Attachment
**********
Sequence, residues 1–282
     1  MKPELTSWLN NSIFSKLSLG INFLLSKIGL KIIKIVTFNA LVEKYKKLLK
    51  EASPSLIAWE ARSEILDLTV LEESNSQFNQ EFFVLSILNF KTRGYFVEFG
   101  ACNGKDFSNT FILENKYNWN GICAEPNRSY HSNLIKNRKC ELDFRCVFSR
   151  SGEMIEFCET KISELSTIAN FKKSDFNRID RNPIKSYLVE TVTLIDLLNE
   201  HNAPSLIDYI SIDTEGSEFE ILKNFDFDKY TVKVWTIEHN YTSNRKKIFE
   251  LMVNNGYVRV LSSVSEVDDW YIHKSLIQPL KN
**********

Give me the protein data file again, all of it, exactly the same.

Sequence, residues 1–282
     1  MKPELTSWLN NSIFSKLSLG INFLLSKIGL KIIKIVTFNA LVEKYKKLLK
    51  EASPSLIAWE ARSEILDLTV LEESNSQFNQ EFFVLSILNF KTRGYFVEFG
   101  ACNGKDFSNT FILENKYNWN GICAEPNRSY HSNLIKNRKC ELDFRCVFSR
   151  SGEMIEFCET KISELSTIAN FKKSDFNRID RNPIKSYLVE TVTLIDLLNE
   201  HNAPSLIDYI SIDTEGSEFE ILKNFDFDKY TVKVWTIEHN YTSNRKKIFE
   251  LMVNNGYVRV LSSVSEVDDW YIHKSLIQPL KN